Much of the inland cereal growing area of Australia is well suited to jojoba production. Varieties that are well suited to the climate of these areas have been selected, but other factors such as soil type and rainfall must also be considered.
Jojoba requires soils that have good internal drainage and are not subject to flooding. Apart from pH, the chemical properties are less critical, as fertilisers can be used. Soils with a pH of less than 5.0 are generally not suitable for jojoba because of aluminium toxicity problems. Aspect is generally not important on land with an altitude of less than 350 m, but for higher areas aspect needs to be considered to reduce the risk of late and severe frosts that can cause damage at flowering.
Jojoba is planted as hedgerows often on low banks to facilitate weed control and harvest. It can be planted on land with slopes of up to 3% provided the banks are contoured.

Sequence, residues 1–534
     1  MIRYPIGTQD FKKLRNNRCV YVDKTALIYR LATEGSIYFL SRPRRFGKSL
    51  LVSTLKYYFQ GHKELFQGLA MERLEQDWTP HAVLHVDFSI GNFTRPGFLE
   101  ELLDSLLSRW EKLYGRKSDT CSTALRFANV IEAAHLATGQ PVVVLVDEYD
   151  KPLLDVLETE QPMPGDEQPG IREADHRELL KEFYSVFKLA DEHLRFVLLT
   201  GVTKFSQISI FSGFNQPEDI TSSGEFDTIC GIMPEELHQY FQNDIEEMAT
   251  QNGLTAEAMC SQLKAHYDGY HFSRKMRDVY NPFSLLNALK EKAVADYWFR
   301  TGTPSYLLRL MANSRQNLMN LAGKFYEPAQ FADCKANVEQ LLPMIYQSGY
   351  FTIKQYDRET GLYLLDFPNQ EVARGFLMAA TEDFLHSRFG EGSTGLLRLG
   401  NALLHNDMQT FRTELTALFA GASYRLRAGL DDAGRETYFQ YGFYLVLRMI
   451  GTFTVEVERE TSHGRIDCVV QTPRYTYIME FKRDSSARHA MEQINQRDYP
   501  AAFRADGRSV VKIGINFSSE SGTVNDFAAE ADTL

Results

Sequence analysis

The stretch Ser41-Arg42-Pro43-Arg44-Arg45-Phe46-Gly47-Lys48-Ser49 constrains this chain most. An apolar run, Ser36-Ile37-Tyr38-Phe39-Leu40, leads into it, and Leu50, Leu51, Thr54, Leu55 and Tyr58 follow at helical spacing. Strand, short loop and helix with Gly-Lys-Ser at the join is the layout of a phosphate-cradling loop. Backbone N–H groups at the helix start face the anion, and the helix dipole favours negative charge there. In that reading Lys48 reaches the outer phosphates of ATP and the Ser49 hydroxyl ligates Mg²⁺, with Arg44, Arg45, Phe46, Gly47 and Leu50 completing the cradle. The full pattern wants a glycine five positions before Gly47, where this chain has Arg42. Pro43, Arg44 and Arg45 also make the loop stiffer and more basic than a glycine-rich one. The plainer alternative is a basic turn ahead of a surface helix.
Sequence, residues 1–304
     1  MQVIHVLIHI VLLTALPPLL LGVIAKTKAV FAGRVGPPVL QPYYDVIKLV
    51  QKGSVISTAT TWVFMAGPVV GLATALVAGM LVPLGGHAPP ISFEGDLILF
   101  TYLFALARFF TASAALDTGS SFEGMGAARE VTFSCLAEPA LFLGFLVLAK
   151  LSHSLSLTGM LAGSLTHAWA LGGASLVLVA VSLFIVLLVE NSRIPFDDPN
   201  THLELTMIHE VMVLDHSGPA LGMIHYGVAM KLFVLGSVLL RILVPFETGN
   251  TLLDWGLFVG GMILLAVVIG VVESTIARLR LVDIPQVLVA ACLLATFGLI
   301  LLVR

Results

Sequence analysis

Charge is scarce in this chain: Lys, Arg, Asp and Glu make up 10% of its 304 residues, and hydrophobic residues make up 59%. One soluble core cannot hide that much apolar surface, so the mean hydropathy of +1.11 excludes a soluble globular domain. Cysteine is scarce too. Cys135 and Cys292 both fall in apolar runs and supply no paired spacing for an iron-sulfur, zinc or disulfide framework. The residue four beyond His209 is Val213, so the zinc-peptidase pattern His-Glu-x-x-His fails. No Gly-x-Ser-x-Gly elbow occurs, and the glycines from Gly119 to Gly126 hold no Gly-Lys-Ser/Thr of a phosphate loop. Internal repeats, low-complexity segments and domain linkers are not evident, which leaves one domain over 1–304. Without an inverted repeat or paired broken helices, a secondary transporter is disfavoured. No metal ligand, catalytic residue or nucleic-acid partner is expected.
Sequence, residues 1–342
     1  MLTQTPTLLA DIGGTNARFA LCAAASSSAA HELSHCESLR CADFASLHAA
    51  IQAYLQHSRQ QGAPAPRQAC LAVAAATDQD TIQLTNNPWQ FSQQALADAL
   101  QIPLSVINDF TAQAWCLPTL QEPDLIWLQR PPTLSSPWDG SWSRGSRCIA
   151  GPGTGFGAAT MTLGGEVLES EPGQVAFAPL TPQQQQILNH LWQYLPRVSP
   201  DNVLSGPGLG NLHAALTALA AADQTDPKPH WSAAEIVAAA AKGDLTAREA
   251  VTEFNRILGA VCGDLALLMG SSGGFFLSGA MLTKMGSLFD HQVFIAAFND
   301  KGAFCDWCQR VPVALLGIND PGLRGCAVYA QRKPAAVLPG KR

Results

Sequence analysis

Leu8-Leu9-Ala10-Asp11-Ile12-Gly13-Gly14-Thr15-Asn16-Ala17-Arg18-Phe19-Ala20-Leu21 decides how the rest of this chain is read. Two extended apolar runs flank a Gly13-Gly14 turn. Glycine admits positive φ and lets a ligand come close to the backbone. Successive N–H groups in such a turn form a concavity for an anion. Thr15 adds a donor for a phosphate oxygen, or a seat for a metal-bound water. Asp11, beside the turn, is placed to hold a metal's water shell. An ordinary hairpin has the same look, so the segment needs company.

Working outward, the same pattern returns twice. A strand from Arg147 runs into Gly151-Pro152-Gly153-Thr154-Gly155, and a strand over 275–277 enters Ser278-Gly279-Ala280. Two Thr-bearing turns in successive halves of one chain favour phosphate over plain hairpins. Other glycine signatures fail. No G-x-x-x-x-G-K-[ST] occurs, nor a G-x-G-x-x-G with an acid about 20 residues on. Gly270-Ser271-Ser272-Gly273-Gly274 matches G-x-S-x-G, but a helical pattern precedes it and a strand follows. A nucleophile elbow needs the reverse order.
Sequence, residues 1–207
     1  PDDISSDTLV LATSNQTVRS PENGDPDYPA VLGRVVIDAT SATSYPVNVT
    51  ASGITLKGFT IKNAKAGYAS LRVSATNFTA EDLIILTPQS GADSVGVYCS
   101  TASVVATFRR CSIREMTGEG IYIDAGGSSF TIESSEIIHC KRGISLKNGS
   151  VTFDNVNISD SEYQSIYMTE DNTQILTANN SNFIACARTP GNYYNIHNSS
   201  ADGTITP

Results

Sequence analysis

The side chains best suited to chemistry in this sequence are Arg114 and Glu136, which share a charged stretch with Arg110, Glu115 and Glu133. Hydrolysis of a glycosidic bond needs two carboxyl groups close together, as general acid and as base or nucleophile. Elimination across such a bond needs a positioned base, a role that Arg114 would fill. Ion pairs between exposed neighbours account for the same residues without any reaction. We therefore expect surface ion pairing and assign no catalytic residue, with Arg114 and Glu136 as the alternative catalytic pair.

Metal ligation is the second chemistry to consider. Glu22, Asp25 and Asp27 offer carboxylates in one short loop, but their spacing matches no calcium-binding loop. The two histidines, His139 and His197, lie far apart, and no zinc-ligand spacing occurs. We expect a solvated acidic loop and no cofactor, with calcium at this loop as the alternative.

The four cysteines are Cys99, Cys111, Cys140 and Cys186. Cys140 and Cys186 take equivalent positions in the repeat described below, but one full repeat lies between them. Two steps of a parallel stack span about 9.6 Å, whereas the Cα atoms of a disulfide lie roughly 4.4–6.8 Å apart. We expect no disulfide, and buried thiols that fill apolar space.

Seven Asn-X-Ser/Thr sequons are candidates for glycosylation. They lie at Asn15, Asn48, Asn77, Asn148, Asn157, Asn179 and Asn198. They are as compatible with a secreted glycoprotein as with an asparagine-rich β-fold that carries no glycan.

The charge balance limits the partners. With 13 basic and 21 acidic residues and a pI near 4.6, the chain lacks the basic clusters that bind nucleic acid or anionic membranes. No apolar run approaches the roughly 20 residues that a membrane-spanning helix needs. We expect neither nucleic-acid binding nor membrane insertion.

Jojoba should not be grown in areas receiving less than 450 mm rainfall annually unless supplemental irrigation is available or planting density is reduced from the nominal density range of 1,000 to 1,250/ha. In areas where rainfall exceeds 600 mm per annum the threat of fungal attack on leaves during wet winters increases dramatically.
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